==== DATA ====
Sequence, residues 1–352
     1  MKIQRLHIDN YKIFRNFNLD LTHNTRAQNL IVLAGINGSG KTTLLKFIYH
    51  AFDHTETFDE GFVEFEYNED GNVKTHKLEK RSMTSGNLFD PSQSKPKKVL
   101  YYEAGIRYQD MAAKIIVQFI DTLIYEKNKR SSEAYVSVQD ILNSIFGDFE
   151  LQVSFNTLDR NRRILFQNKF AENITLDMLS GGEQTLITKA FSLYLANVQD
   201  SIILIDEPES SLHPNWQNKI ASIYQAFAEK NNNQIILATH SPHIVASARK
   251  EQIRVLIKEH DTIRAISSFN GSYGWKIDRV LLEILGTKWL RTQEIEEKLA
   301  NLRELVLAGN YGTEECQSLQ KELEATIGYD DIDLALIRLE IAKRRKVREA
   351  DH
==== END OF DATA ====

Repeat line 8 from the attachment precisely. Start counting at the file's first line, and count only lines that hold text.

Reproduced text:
   301  NLRELVLAGN YGTEECQSLQ KELEATIGYD DIDLALIRLE IAKRRKVREA